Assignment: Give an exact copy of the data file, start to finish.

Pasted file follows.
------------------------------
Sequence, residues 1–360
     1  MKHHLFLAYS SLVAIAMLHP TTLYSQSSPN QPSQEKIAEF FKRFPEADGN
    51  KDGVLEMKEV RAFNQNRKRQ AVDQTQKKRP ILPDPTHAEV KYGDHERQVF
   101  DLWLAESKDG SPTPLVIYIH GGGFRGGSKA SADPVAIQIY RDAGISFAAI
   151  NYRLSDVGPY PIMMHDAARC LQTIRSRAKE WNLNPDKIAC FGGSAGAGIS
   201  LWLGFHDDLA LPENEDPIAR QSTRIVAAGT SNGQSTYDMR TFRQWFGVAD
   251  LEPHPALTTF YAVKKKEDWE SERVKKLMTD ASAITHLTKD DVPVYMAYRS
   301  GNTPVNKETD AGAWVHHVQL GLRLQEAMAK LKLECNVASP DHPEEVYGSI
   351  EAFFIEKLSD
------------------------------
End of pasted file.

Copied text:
Sequence, residues 1–360
     1  MKHHLFLAYS SLVAIAMLHP TTLYSQSSPN QPSQEKIAEF FKRFPEADGN
    51  KDGVLEMKEV RAFNQNRKRQ AVDQTQKKRP ILPDPTHAEV KYGDHERQVF
   101  DLWLAESKDG SPTPLVIYIH GGGFRGGSKA SADPVAIQIY RDAGISFAAI
   151  NYRLSDVGPY PIMMHDAARC LQTIRSRAKE WNLNPDKIAC FGGSAGAGIS
   201  LWLGFHDDLA LPENEDPIAR QSTRIVAAGT SNGQSTYDMR TFRQWFGVAD
   251  LEPHPALTTF YAVKKKEDWE SERVKKLMTD ASAITHLTKD DVPVYMAYRS
   301  GNTPVNKETD AGAWVHHVQL GLRLQEAMAK LKLECNVASP DHPEEVYGSI
   351  EAFFIEKLSD